The older I get, the mellower! It’s strange. Either that, or living with Mum is making me civilized again. There’s nothing like a little light banter every day to make you feel nothing’s that serious or annoying.
Well, I read some WordPress posts saying we should blog often, even if busy or tired, so I’m trying. I got busy doing five pictures at once (one for a small informal contest… nothing special or grand) and when I started posting them, it all turned into a bit of an anti-climax. I’m still working on Pictures 4 and 5, and have even added a Picture 6, but the pace has slackened noticeably.
Maybe it’s time to socialize a bit… all work and no play makes Jack a dull boy!
Mum caught me looking abstracted the other day. I explained I was thinking how naive I was as a 20 year-old. My friend Honey and I didn’t know that the slang word ‘barf’ wasn’t a cute word for ‘bath’! But another 20 year-old… a boy… knew perfectly well what it meant.
I was wondering how both Honey and I got to the age of 20 not knowing that, and she said little boys always collect rude words to impress each other!
Perhaps. But I’m glad it was not just me! Possibly Honey and I realized we had exactly the same depth of ignorance, and so we were in the same boat… hence our friendship, which still goes on, though on different sides of the Pond.
In those days we didn’t have the internet. I’ve learned a lot from it since I got online, and I can’t imagine doing without it. I probably wouldn’t even be using software like Bryce… might not have heard of it. Might not know as much as I do about Photoshop etc. Won’t have heard of certain bloggers, and be wondering how they’re doing…
Thinking how nice it will be to get some sleep, though… that’s something that comes with age. I remember telling my favourite primary teacher that I never wanted to go to bed, but in the morning I never wanted to get up, and it seemed rather odd. She said when I got older, I’d be very glad to get to my bed, though not wanting to get up in the mornings remains about the same. Some things we can always count on. 🙂
I’ve always liked the company of older people, and felt a little less at home with younger folks (who are more unpredictable in some ways).
Mum was talking about things from her childhood. She remembered buying dresses… they were taken ‘on approval’, and delivered in boxes and tissue paper. She kept missing trams and jumping on while they were on the move. The conductor would say “you’re not supposed to do that!”
I said I remembered double-decker buses with the door at the back with stairs — they had bus conductors with ticket machines. Mum said admiringly, “you’re quite old too!” and I said “thank you.”
I’m fascinated by any nuggets of wisdom older people decide to share… they are individual but have the ring of truth. Like from the rather worried old lady who said you know you can be perfect, but you must expect to make mistakes. Be kind to yourself. (I have a horrible habit of lying awake at night counting the very many mistakes I’ve made. Sometimes I think wistfully about Ally McBeal’s boss who said tactless things, then in the next breath he would mutter “bygones!”)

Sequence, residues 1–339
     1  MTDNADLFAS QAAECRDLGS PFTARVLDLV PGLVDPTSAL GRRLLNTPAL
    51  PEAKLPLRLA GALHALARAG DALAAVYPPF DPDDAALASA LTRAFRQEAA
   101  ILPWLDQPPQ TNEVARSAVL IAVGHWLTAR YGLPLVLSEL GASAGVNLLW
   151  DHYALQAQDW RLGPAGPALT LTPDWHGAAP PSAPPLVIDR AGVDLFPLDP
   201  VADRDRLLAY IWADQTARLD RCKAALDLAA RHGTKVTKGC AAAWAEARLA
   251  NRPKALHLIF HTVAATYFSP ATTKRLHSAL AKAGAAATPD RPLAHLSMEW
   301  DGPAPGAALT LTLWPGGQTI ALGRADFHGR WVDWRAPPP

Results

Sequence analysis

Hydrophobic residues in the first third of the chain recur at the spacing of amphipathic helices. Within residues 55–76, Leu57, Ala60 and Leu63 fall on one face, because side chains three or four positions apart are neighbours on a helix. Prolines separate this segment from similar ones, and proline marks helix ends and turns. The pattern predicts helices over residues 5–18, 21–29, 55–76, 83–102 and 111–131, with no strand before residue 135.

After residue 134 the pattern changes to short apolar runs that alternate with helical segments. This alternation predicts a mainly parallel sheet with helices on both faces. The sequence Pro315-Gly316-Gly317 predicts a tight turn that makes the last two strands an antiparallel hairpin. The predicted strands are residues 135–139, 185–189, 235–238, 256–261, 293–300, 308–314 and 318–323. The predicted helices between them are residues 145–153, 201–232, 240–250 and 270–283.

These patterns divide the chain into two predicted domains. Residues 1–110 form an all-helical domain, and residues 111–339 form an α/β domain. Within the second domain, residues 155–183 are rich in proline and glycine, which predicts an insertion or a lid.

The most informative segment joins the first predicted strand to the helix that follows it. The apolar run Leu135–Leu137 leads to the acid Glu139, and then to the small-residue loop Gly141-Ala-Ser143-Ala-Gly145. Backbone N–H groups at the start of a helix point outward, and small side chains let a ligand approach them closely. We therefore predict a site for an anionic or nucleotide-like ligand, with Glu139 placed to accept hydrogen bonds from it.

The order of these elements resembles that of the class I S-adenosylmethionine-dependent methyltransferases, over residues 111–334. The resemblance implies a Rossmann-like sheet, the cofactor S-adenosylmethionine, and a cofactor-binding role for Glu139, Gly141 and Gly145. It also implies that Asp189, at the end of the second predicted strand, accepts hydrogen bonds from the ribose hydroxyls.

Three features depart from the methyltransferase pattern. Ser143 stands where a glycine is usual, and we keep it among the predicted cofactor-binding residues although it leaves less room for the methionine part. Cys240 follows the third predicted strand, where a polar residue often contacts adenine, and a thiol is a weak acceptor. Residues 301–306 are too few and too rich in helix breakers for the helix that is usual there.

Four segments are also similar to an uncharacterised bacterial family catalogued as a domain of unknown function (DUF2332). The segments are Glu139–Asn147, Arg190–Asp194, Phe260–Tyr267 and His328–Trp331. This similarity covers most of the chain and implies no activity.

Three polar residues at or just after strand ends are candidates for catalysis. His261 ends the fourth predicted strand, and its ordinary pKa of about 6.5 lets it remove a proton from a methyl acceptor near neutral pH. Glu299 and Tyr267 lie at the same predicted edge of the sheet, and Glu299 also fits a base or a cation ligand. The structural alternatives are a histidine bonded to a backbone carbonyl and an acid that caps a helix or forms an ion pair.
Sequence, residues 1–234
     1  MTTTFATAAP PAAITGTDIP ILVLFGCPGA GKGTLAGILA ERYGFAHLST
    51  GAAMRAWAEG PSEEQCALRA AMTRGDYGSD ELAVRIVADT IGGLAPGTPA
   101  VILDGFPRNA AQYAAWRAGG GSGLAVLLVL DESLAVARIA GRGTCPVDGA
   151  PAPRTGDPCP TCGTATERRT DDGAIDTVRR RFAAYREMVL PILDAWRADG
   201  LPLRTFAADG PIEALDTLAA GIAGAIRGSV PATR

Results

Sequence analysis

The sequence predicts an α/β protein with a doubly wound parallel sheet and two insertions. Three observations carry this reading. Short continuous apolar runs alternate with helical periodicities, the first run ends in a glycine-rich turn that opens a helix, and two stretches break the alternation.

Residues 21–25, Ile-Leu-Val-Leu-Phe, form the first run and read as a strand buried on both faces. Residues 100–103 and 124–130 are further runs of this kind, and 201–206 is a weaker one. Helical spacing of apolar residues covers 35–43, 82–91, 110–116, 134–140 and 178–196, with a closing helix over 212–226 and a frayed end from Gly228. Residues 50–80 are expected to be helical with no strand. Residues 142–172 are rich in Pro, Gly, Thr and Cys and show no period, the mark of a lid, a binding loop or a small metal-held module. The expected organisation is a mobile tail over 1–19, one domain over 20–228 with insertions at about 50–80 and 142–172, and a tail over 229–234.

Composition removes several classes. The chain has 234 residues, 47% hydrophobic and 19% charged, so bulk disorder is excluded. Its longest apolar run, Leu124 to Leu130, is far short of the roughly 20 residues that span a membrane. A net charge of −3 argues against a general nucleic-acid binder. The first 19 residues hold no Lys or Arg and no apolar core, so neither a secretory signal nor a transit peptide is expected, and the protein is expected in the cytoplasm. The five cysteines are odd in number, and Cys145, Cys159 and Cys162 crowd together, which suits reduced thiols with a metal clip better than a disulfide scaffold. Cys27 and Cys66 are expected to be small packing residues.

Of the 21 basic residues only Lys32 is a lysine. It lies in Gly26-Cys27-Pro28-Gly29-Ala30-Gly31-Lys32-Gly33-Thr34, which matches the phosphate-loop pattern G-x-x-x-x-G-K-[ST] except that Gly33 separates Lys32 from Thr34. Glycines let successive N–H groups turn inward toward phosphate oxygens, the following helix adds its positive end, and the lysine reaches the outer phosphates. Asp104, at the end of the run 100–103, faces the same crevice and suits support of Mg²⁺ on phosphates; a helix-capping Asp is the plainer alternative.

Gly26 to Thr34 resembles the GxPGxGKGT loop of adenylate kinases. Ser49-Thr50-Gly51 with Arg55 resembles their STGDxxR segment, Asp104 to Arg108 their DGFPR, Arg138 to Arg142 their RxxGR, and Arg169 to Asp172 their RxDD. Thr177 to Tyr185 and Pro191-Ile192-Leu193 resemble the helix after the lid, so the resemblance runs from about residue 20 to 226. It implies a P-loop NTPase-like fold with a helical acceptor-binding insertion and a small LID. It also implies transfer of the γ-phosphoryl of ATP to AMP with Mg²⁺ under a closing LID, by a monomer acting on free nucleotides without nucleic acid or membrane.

Liz Smith (elderly actress) had a lot to say that I was interested in. She said you can’t know why people react the way they do; it’s probably connected to things that happened to them. It’s rare to have true friends; people who know exactly who you are and what you’re about.
Liz wanted to talk with other passengers (while on her cruise) but couldn’t bring herself to make the first move — she was convinced they wouldn’t want her. I feel that more and more, even on the internet; I hesitate to comment, email or join in as much as I used to. I used to have an opinion on everything, but now I watch everybody else making mistakes and putting their foot in it, knowing that this time it isn’t me. More and more I decide it’s safer to pretend I’m not even here!
Perhaps it’s all part of getting older.
A friend and I were having a discussion recently — we were saying how we used to blithely do things that now make us curl up in horror and amazement. We were not mountaineers or explorers… but she used to ride rather nervy horses over jumps she wouldn’t even consider these days. Whereas I used to fill in those email letters that asked for your mother’s middle name!! Perhaps along with age we learn fear… but hopefully other, more positive things as well.
I wonder what pearls of wisdom might drop from my lips when I’m over 80 — everything I’m doing and thinking now takes me closer to those truths! It’s an interesting thought.
Sitting with Mum the other day, I was talking about our future plans, and what we could do about this or that. Suddenly she stopped me short with: “Remember I’m getting old. You will have to do such and such if I pop off.”
It’s not the first time she’s said it, and she always seems to come up with it just as I’m getting enthusiastic about something. Nothing bursts your bubble quicker.
“WHY do you keep saying that?” I burst out. “I know you’re getting old! I don’t need to be reminded!”
“I have to remind everybody.”
“There are some ladies down at the Bridge Club who are younger than me, and they keep saying they’re too old to do stuff, and they sit and let me do all the work. They all think I’m younger than I am. So I’ve started telling them.”
I stamped off to the kitchen, returning with tea and biscuits.
Mum sat forwards eagerly. “Well, this is what we can do. We can do this, and that, and the other, and maybe we could…”
She went on like this for some time, and when she finally stopped, I said, “Tell me again, why do you have to remind people you’re getting old?”
“Now YOU’RE talking about it all the time!” she screamed. Then we both chuckled.